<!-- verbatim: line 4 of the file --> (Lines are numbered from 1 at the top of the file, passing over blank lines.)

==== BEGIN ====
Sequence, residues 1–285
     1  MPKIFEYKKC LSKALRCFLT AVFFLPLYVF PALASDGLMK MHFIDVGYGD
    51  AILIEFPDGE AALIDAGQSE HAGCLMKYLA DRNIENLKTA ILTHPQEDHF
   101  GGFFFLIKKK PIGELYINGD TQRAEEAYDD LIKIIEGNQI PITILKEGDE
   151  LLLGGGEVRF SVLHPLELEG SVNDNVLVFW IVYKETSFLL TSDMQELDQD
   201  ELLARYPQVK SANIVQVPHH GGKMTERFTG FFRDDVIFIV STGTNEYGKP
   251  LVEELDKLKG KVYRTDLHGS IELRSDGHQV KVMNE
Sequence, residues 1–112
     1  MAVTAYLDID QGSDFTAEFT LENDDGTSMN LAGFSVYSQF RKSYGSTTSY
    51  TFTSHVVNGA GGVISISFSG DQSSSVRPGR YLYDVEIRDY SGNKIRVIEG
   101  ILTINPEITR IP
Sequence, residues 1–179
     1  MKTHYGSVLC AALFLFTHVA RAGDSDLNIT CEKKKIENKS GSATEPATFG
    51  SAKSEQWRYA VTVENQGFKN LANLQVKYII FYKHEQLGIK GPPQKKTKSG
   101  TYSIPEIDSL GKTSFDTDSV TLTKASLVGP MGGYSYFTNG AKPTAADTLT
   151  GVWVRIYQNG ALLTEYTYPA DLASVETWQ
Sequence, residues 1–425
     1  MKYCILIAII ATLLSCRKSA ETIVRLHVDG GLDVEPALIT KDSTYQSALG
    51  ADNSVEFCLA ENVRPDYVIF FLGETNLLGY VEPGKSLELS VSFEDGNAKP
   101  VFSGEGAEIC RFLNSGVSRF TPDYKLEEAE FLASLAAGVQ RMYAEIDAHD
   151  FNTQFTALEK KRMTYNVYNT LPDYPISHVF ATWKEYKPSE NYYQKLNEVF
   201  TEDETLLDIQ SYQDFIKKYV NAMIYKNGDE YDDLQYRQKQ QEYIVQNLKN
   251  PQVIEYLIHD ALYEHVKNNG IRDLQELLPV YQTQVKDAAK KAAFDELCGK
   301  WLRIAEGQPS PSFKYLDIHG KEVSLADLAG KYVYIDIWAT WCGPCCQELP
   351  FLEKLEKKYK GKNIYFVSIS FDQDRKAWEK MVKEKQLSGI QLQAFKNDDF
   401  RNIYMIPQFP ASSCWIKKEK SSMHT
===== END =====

   101  GGFFFLIKKK PIGELYINGD TQRAEEAYDD LIKIIEGNQI PITILKEGDE